"Veto Players, Policy Change, and Institutional Design," with Tiberiu Dragu. Forthcoming in Research and Politics.
"Access to Justice in Revenue-Seeking Legal Institutions." (Appendix)
“Justice for Sale: State Revenue Collection and the Development of a Legal System." (Supplementary)
“The Birth of Pork: Local Federal Projects and the Construction of Legislative Majorities, 1791-1860,” with Sanford Gordon. R&R at the American Political Science Review.
Research in Progress
“When do Citizens Seek Private Enforcement? Evidence from the London Islamic Sharia Council.”
Abstract: Why do members of poor social groups access private enforcement mechanisms, such as tribal or religious councils, instead of the state legal system? Are their choices driven by ideological preferences, or by material considerations such as the relative costliness and effectiveness of each institution? To answer this question, I construct an original dataset of 246 (anonymized) divorce cases adjudicated by the London Islamic Sharia Council, one of the largest and oldest informal Islamic adjudication mechanisms operating in the U.K., between November, 1997 and April, 2001. By combining these data with similar data over the same period from the U.K.'s county court system, and studying the differential effects of economic and political shocks on patterns in the divorce petitions received by each legal institution, I aim to measure the relative effects of ideology and cost concerns on litigants' choice between these two systems of adjudication. I supplement my quantitative analysis with qualitative interviews conducted with the leaders of two Sharia Councils: the Islamic Sharia Council and the Muslim Arbitration Tribunal located in Nuneaton, England.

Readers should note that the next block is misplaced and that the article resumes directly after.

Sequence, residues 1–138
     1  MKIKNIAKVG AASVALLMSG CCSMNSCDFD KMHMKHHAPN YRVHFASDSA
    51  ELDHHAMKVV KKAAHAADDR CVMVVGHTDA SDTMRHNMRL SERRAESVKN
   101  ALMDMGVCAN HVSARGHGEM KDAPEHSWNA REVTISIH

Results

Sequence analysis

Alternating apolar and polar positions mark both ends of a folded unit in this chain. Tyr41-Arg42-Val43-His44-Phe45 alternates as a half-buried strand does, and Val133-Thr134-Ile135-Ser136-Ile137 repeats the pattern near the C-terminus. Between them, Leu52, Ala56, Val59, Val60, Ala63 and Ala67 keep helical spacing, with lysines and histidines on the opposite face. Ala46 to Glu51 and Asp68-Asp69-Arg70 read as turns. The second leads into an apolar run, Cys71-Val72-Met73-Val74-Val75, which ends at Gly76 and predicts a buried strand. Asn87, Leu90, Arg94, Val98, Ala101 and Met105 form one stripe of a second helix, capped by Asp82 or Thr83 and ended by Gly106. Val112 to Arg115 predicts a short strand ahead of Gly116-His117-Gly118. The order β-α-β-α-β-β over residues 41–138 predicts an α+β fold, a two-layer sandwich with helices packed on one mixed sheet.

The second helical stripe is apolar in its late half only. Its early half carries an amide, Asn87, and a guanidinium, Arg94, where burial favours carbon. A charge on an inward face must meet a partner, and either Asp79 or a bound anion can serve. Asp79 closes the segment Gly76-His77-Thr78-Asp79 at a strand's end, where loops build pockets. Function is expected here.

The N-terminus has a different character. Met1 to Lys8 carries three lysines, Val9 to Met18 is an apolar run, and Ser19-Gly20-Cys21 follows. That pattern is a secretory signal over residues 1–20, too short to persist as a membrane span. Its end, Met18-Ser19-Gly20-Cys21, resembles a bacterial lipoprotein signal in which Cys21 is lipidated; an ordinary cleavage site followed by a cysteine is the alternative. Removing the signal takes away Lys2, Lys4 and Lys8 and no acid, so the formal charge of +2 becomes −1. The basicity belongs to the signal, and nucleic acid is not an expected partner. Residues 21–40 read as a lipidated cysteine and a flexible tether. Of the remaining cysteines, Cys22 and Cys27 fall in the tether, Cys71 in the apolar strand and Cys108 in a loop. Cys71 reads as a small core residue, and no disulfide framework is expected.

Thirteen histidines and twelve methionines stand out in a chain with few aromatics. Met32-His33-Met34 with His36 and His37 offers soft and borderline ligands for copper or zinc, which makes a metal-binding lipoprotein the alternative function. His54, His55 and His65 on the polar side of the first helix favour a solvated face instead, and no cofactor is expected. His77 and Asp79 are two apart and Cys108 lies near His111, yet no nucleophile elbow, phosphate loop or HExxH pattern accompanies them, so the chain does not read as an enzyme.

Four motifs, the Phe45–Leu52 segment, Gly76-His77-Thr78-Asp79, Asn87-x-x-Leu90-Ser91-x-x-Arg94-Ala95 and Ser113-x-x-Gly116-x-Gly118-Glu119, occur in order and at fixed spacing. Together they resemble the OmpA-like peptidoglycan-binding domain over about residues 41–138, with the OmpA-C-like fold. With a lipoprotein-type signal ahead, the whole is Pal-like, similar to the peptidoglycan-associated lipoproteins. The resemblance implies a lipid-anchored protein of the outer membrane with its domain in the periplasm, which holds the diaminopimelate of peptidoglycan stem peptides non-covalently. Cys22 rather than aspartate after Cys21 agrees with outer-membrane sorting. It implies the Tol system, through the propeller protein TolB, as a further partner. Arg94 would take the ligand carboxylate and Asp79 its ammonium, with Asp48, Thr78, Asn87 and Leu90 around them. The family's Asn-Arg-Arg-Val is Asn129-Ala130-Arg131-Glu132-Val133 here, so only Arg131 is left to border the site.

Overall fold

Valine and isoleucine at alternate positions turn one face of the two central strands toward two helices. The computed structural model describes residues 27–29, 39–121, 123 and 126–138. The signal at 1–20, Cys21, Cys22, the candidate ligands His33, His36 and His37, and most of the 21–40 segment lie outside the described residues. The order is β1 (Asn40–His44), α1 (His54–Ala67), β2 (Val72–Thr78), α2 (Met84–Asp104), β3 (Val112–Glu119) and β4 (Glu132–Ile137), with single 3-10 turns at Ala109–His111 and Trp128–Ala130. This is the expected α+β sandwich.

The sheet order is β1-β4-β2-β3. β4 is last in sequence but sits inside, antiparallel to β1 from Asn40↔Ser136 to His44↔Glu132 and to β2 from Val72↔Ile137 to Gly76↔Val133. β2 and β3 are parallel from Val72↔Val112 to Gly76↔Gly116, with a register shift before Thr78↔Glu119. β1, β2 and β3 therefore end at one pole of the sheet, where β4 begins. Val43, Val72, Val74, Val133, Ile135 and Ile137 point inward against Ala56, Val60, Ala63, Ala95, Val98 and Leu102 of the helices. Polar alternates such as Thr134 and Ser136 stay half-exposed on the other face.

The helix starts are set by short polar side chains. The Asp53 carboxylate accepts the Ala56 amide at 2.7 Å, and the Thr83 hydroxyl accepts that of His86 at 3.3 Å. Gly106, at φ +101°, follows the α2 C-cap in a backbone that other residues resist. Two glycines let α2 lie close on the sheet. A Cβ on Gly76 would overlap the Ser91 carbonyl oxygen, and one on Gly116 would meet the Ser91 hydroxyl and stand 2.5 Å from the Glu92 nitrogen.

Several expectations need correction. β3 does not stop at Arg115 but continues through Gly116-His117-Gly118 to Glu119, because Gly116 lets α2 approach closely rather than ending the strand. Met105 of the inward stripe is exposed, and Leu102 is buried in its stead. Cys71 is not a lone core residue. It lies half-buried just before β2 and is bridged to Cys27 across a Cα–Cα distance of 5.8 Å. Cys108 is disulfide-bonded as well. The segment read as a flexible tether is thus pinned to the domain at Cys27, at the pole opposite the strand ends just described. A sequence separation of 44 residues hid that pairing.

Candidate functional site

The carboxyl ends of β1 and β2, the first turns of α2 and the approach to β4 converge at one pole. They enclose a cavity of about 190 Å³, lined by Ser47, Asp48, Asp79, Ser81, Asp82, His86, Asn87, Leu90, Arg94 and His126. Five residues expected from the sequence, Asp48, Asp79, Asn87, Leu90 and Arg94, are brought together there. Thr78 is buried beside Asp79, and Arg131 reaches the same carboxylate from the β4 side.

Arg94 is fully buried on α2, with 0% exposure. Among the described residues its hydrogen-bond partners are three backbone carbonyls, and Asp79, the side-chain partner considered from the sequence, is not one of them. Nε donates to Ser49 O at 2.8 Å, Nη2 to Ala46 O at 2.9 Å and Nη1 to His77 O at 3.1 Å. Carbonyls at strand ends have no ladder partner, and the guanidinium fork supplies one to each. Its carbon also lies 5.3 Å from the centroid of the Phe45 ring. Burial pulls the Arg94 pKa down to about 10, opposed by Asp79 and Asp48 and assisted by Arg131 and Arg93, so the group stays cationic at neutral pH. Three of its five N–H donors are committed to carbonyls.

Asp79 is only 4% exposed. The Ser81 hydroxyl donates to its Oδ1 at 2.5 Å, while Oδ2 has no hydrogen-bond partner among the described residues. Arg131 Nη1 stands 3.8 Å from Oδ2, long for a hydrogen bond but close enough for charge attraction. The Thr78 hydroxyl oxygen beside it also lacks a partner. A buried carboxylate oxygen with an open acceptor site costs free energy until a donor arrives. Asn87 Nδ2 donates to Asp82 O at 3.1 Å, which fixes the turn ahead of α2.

“The Inefficiency of Justice: Allocative Distortions and "Effective" Property Rights Regimes,” with Catherine Hafer.
Abstract: The roles of market transaction costs and inadequate property rights protections in the (in)efficient allocation of resources are well-known. However, there is little scholarship on the allocative distortions inherently generated even by relatively effective property rights institutions. We show that these distortions emerge because property regimes both allocate rights and decide the means by which these rights may be secured through the legal system. Just as different people can obtain different income streams from the same property because of differences in their personal attributes (time, skill, judgment, money, risk preferences), so will different means of determining the outcomes of disputes call on different human attributes. As a result, different individuals will face different effective costs of securing property rights. Unless the legal system is structured so that these differences in cost correspond exactly to the degree to which individuals possess the attributes necessary to use property efficiently, efficient resource allocation may not occur. We examine the kinds of distortions different enforcement mechanisms generate, explore various possible solutions to this problem, and discuss their limitations.